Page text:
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Officials in New York and New Jersey warned they were beginning to run short of the rock salt used by road crews to keep ice from building up on highways and local roads, the result of the season's repeated storms.
"We have a salt shortage for some parts of the state, primarily New York City and the Long Island area, because there have been so many storms this season already," New York Governor Andrew Cuomo told reporters on a conference call.
"The state does have a significant amount of salt on hand, we'll be shipping that salt around the state."
Neighboring New Jersey reported a similar shortage.
"We've had so many storms, one after another, that it definitely has put a very significant demand on salt," said Joe Dee, a spokesman for the state Department of Transportation.
"Our supplies are dwindling," Dee added. "We have plenty for this storm. We're looking at some weekend storms and we have enough for that, but we're going to start to get low. We need some good weather and a chance to replenish our supplies."
As of Jan. 26, New Jersey had spent $60 million on snow removal, putting it in place to break the record of $62.5 million spent last year, Dee said. Connecticut was on pace to exceed its $30 million budget, but had the means to continue funding snow removal, a Department of Transportation spokesman said.
New York City has spread some 346,000 tons of rock salt on its roads so far this year, almost the total for last winter, said Belinda Mager, a spokeswoman for the city Department of Sanitation. The city has spent $57.3 million on snow removal so far this winter, putting it on track to top last year's spending.
Most U.S. states and major cities do not try to set an upper limit on spending for snow removal, but authorize agencies to spend what is necessary and count on legislatures to cover the cost.
"Before I became governor, I never saw winter in budgetary terms, but now I do," Massachusetts Governor Deval Patrick told local WBZ radio, adding that he was counting on lawmakers to fund the state's rising snow-removal and salt tab.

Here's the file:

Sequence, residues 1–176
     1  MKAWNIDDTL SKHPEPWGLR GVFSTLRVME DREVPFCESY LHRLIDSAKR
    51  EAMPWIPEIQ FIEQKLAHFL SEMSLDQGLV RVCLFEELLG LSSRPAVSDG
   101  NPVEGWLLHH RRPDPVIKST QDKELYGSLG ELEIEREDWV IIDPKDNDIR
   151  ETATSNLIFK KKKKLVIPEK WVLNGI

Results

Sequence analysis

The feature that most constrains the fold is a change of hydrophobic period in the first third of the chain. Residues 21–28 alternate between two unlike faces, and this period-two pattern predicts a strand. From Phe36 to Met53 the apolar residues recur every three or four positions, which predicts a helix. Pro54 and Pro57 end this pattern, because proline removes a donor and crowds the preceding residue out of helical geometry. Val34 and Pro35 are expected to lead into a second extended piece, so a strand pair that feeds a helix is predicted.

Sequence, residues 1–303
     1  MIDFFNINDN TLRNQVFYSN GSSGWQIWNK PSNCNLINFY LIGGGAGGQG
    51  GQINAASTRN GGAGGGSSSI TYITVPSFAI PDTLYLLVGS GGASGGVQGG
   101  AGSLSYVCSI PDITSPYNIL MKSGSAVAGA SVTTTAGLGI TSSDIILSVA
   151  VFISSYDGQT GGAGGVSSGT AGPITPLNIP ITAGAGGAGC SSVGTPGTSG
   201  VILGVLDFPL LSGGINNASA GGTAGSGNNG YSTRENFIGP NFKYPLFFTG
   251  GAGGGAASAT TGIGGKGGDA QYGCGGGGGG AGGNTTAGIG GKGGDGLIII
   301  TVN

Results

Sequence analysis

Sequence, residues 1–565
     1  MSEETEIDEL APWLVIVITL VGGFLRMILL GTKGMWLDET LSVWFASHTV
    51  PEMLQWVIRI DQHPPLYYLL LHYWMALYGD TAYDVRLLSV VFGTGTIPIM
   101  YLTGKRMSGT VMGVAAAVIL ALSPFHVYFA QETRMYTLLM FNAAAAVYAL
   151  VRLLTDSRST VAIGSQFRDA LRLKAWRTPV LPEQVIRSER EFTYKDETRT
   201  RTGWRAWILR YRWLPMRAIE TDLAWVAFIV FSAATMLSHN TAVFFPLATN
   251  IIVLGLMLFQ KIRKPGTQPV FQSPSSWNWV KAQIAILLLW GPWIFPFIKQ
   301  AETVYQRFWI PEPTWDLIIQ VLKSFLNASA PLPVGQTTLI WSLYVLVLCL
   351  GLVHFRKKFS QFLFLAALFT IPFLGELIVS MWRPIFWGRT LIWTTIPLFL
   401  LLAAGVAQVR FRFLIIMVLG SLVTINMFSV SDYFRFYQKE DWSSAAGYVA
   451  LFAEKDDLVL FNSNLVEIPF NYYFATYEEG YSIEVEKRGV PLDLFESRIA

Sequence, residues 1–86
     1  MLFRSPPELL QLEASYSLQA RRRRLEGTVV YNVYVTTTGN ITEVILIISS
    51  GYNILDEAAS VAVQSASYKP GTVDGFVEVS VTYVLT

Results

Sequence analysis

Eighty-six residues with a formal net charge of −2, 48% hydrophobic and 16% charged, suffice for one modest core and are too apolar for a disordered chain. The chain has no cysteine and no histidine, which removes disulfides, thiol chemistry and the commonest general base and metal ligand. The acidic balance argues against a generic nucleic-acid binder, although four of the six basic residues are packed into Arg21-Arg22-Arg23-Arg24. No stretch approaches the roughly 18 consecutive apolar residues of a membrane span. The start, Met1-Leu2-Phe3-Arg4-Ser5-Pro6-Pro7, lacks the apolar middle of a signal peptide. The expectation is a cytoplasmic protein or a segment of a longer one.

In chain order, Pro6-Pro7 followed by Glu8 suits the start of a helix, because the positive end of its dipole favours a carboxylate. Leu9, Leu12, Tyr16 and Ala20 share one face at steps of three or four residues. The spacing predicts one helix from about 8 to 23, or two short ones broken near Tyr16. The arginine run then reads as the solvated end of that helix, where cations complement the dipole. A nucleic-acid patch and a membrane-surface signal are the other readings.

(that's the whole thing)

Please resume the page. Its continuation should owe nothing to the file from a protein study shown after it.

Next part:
Some commercial suppliers have run out of rock salt.
"We're just continuing to get crushed by these storms. With major rock salt shortages, it's starting to get scary out there," said Anthony Scorzetti, a hardware and paint manager for Braen Supply in Wanaque, New Jersey. "I have people calling from all parts of the East Coast looking for it, and we just have nothing."
Heavy show was expected from the Great Lakes through New England, with freezing rain dominating south of New York. In the Boston area, snow was falling at a rate of 1 to 2 inches (2 to 5 cm) per hour, making roads treacherous and causing schools to be closed.
"The worst will be along the higher terrain, around central New England," said Benjamin Sipprell, a meteorologist with the National Weather Service. "Southern parts of Vermont and New Hampshire around the border with Massachusetts could see up to around a foot (30 cm) of snow."
By mid-morning, 9.5 inches (24 cm) of snow had fallen in Burlington, in central Connecticut, 9 inches (23 cm) in Southbridge, in southern Massachusetts, and 12.5 inches (32 cm) in Newburgh, New York, north of New York City, according to the National Weather Service.
Connecticut's governor urged people to stay off icy roads.
"With heavy snow falling across the state and a mix of sleet and freezing rain on the way, I am asking residents to avoid unnecessary travel," said Dannel Malloy. "If you can stay home or work from home, please do."
Almost 900,000 homes and businesses were without power in the U.S. Midwest and Northeast early Wednesday following severe snow and ice storms overnight, according to local power companies.
The hardest hit state was Pennsylvania with over 640,000 customers without power on Wednesday morning.
Other hard-hit states include Maryland, West Virginia, Arkansas, New Jersey, Kentucky, Delaware, Ohio, Virginia, Indiana and New York.
In New York City, schools were open despite the weather. In Brooklyn, parents were walking their kids to class as crews used electric snowblowers to keep sidewalks clear.
Renita Stefanec dropped off her 7-year-old for class with her 5-year-old in tow.
"It's sloppy, it's messy, but if you live close it's doable," she said of the trek. "If it's too bad out, they just don't come. They keep the kids home. But if you're close, it's doable."
Even with all the bad weather this winter, schools have stayed open, something Stefanec thinks is a good idea.
"I prefer them to come to school. Because if they don't, they take it away from vacation days."